On the other hand, Frank L. Rizzo, a living legend of Philadelphia politics, is the embodiment of white workingclass frustration. A semi-articulate response to the semi-articulate fascism of the modern liberal, Rizzo was reputed to have caused a great deal of “racial polarization” as a Democratic mayor in the 70’s. But the actual polarization was between the liberal establishment and the former police commissioner who roused conservative instincts among normally apolitical citizens.

In his first comeback attempt, Rizzo ran against Goode in the ’83 Democratic primary and was soundly beaten. In last year’s rematch, running as a Republican, he came quite close to beating the increasingly unpopular incumbent.

The most amusing aspect of this race was the squirming of the town’s largely liberal media. Reading between the lines of the editorials following the primaries in May 1987, you could detect dissatisfaction not so much with the candidates as with the electorate stupid enough to offer up Goode and Rizzo for mayor.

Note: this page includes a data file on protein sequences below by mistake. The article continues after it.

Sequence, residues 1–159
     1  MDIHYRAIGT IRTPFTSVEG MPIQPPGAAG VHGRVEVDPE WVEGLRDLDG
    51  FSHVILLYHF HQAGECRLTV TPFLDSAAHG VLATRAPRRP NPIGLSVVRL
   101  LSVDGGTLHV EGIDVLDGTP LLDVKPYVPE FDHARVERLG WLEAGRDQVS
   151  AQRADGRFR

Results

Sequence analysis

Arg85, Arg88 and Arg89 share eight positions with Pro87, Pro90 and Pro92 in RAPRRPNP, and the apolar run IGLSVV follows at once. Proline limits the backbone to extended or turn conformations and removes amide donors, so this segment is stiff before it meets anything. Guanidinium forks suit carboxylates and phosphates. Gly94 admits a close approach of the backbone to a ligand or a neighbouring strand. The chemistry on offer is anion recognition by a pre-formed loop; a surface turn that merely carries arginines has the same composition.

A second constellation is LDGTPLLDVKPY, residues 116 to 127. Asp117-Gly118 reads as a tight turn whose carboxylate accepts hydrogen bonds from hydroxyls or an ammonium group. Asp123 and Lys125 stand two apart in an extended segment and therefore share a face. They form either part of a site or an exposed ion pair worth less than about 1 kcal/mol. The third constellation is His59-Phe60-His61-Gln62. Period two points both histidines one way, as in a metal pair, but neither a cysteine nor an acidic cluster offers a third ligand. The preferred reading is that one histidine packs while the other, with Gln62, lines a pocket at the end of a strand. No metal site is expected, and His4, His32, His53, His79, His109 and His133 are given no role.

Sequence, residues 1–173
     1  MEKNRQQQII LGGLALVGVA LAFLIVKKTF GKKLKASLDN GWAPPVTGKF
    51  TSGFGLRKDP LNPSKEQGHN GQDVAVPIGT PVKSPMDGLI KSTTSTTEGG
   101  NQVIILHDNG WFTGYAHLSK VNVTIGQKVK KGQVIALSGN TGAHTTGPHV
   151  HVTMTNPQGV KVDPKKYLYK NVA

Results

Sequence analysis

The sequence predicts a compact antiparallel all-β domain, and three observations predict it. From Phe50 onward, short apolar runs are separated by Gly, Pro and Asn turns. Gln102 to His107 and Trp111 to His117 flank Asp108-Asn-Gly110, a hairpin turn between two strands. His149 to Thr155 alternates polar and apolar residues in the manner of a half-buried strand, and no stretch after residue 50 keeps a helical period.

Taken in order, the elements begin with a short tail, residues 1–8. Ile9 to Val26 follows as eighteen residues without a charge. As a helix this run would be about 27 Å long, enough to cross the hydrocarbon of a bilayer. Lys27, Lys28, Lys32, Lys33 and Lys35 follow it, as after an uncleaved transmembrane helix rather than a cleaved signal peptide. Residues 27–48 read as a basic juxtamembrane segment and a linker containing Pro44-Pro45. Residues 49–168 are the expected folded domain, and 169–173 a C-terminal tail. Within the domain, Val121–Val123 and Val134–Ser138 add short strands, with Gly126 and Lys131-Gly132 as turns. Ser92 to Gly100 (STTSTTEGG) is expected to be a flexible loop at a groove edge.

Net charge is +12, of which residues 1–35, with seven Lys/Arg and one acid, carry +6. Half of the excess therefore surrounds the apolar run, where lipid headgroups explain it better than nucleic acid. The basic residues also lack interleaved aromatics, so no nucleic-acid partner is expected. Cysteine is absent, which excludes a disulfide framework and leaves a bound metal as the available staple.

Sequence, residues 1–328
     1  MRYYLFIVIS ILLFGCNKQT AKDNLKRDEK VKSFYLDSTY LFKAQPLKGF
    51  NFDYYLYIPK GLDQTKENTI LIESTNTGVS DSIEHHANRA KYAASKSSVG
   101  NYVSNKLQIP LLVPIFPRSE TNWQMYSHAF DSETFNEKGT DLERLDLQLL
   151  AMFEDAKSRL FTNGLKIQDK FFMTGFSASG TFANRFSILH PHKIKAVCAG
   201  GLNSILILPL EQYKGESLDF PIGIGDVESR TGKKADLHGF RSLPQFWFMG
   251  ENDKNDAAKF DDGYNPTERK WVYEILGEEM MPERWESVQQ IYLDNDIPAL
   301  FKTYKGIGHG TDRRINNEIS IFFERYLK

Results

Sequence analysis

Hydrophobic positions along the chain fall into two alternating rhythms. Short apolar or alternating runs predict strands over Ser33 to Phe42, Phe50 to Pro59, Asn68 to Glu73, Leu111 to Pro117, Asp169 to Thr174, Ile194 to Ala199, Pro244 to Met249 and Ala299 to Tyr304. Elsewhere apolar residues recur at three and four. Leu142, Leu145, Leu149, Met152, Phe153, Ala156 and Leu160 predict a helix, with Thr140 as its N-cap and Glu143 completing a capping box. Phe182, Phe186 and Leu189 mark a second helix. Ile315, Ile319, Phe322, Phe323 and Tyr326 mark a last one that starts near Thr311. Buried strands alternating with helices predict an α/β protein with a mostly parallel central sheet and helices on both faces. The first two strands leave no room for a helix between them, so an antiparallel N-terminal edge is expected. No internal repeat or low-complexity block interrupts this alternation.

The inconveniences of democracy had left the town’s progressive forces without a reliable standard bearer. In August 1987, the Philadelphia Daily News ran an editorial against endorsing either candidate. Goode, tainted by the MOVE debacle, was seen as too incompetent to accomplish the “progressive” agenda, while Rizzo was dismissed as a political Neanderthal.

One local liberal commentator even offered a scenario in which Goode would be indicted by a federal grand jury (a local grand jury indictment could be brushed off as “political”) on a MOVE-related charge, allowing the city council to name a replacement who would then run against Rizzo. In the end, however, most of the titans of the opinion industry accepted a failed and tainted black liberal rather than Rizzo, the antiprogressive who had once said he would make Attila the Hun “look like a faggot.”

A night at the Pen & Pencil is wonderful for anyone interested in the social psychology of big-city journalists. Kate is here because she suspects (hopes) that her least-favorite newspaper columnist in the history of columning may show up. Kate is a native of South Philadelphia, where liberal black establishment figures like the columnist are not highly respected. Some years ago, she wrote the man a rather nasty missive after her father had been mugged by several blacks.